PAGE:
Ruffle Bag Tutorial and Pattern

 I am really excited to share this with you guys, becuase I am 100% positive that you guys can make it better than me. Seriously. You all are going to get to the end of this tutorial with your gorgeous, finished bag and say "That's it? Huh. That wasn't hard at all".

So let's get started.
3/4 yard of outer fabric
1/2 yard lining fabric
1/2 yard of canvas or 1.25 yards of fusible interfacing 
Thread that coordinates with your outer fabric
Magnetic snap (optional)
Pattern piece (Just match up the pages so the triangles on either side form a diamond. One page will overlap the other.)
First, we're going to cut our pattern piece, and then our fabric. You'll need:
From outer fabric:
two body pieces
5 2.5x45 inch strips of fabric (these are just 2.5 inches selvedge to selvedge) NOTE:If you are not using a serger to finish the strips for the front of the bag, cut 2 2.5 inch strips (handle), and 3 3.5 inch strips for the front embellishments.
From lining fabric:
two body pieces
If you want pockets inside, cut those too
2-4 body pieces of fusible or sew-in interfacing (If using fusible, I would use two layers of a medium weight fusible. I'm using canvas that I sew in, so I'm only using 1 layer)

Ok, now that we have all our materials together, let's get started. First, let's get the strap out of the way. Place two strips of your outer fabric right sides together, and stitch down both long sides. Turn the strap right-side out (use a safety pin as a bodkin to help) and press. Topstitch along both sides of your strap about 1/8 inch from the edge. Set aside.

Next, let's work on the body of the bag. Start by attaching your interfacing to your OUTER bag pieces, either by fusing according to manufacturer directions, or sewing it in.

Now for the fun part! Pleats and ruffles! First, you need to finish the edges of the remaining fabric strips. How you finish them is up to you entirely. On my original bag, I used my serger and a basic 3-thread overlock stitch. On this bag, I'm using my rolled hem function on my serger to finish the edges on the strips.

Don't have a serger? THAT IS TOTALLY OK. I remember reading tutorials before I had mine, and when I would get to the part where they would tell me to serge, I would be all bitter and "blah blah blah, look at you with your fancy machine". So, my point is, no need to be bitter like me. You can finish the edges by pressing the edges under 1/4 inch twice and topstitching, so the raw edge is encased. The edges of your pleats will be bulkier to sew through, but I think it is probably still manageable.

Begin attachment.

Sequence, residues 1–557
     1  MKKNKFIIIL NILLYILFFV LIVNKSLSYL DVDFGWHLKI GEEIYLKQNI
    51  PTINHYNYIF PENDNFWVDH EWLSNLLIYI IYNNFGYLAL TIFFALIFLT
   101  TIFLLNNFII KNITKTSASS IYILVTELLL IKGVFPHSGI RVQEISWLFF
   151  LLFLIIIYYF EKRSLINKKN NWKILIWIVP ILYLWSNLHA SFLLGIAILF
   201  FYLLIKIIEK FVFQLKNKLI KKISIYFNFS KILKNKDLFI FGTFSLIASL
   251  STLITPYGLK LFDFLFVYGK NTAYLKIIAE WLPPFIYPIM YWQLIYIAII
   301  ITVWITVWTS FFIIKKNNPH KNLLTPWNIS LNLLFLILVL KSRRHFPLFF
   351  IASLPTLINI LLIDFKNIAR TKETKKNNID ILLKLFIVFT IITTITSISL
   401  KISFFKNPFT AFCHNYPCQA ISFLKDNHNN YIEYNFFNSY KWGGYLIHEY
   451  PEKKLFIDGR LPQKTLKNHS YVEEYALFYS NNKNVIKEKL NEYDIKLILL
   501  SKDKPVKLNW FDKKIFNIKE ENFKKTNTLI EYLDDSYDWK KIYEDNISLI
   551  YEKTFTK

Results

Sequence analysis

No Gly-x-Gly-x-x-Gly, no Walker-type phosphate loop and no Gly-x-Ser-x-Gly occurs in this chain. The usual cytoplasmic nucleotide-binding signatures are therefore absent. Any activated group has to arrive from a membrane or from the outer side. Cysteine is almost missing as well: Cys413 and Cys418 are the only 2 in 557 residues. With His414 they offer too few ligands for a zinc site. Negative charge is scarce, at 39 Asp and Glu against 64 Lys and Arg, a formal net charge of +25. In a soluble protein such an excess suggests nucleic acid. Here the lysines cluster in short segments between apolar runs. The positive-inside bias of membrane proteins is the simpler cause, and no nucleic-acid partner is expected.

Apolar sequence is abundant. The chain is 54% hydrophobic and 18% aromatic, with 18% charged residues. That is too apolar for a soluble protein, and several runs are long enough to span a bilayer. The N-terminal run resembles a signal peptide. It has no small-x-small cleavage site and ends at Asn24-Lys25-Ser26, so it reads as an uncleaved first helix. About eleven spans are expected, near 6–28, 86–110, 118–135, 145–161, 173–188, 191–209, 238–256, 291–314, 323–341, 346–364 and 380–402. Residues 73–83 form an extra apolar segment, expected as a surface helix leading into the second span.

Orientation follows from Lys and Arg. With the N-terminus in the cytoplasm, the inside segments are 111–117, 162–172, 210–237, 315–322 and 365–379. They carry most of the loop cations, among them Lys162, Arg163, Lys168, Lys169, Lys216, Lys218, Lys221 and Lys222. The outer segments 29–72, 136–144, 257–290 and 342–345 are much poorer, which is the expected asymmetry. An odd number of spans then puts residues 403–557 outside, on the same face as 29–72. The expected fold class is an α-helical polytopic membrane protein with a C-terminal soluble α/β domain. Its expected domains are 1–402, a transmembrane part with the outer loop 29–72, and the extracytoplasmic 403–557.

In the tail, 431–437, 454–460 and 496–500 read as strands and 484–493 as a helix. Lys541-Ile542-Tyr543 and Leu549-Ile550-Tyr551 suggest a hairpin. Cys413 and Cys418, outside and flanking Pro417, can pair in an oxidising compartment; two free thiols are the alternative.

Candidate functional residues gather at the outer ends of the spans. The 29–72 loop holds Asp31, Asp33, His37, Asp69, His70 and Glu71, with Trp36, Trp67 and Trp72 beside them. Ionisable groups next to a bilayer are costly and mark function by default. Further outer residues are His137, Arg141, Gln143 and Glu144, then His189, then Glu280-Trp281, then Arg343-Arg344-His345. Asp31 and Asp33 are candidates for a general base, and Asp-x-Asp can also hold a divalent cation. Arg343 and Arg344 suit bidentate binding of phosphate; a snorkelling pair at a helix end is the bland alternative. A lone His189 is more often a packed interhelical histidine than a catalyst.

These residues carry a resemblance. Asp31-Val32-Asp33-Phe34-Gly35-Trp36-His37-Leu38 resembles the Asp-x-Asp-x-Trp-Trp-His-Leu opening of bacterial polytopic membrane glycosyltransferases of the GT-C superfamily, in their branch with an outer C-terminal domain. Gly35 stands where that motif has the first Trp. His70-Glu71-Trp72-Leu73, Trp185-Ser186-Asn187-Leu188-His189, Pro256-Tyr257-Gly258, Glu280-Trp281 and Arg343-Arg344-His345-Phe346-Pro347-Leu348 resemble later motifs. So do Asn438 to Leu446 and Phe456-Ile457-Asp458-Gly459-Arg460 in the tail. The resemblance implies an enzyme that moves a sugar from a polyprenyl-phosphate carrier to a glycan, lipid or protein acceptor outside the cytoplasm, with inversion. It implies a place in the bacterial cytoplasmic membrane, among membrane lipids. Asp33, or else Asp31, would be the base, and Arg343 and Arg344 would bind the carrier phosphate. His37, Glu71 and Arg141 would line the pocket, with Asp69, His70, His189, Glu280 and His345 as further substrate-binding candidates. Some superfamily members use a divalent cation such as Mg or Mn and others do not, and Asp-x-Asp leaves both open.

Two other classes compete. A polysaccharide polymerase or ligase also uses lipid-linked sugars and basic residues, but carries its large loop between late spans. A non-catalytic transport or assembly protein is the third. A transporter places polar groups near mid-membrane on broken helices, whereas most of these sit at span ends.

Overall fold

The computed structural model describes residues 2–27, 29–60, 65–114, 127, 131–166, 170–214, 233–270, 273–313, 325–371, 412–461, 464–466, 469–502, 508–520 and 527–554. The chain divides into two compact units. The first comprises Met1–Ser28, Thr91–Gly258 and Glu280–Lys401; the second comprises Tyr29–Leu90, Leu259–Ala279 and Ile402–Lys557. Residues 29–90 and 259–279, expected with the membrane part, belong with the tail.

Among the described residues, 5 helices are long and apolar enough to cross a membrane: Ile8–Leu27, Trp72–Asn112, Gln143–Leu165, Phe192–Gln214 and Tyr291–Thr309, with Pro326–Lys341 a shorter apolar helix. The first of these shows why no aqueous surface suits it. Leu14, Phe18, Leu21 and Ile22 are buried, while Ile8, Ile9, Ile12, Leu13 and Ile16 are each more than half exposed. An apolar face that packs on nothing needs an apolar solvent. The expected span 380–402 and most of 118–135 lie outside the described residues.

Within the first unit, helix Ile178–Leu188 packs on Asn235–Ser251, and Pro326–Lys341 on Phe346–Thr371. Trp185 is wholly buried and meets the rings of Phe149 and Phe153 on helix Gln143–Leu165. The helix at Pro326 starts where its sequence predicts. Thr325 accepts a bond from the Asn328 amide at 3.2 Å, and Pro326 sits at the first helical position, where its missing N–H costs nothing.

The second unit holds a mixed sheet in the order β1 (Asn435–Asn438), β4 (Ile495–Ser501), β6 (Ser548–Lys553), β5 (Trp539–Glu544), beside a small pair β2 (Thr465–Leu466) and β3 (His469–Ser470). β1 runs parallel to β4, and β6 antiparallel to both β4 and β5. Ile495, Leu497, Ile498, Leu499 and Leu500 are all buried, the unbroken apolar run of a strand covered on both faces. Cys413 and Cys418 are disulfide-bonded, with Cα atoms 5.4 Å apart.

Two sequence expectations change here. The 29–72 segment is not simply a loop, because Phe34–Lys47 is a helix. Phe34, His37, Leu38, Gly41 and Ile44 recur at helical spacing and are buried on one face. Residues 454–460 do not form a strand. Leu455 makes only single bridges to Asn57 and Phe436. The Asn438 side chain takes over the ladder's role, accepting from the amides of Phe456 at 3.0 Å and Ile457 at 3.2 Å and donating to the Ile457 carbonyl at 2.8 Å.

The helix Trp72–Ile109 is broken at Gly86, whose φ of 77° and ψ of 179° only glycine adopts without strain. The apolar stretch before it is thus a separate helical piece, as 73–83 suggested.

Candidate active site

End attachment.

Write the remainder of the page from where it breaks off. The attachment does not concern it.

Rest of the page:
Once you've finished the edges of your strips, we'll attach them to the bag.

You want to take one of your strips and pin it about 5/8 of an inch from the top center of your bag.

See what I did here? It's wrong. Dont do it. Pin the strip down with the RIGHT side facing the right side of your bag, not the wrong side like I did here. This was easily remedied by just turning that edge under and pinning. 
Fold the strip back on itself and being your pleats.

Because we want the pleats to curve, the TOP of your pleats will be deeper than the bottom of your pleats. As you go, pin the pleats to THEMSELVES, but not directly to the bag. Later, we are going to flip this pleat upside-down and stitch it from underneath. 

Continue pleating and pinning until you've completed your curve and your strip is again perpendicular to the top of your bag.  

Now, we are going to flip our pleat UP and away from our bag, and pin the end of the pleated strip to the bag RIGHT SIDES TOGETHER.

Ok, you're almost done with the top pleat! We just need to stitch it down. First, stitch across the top underside of the pleat.

When you flip it down, it should look something like this:

Ok, now cut your excess strip off a few inches from your stitching line. We're going to tuck the extra strip under the pleats as a little bit of padding and texture.

Now top stitch the pleat down along the edge where you finished the strip.

And you should have something that looks like this:

YAY! Phew, are you still with me?

Ok, now grab the rest of the strip that you just used for the top pleat. Crank the stitch length and tension on your machine all the way up to the maximum setting, and sew right down the middle of your strip, being sure to leave long thread tails on the ends.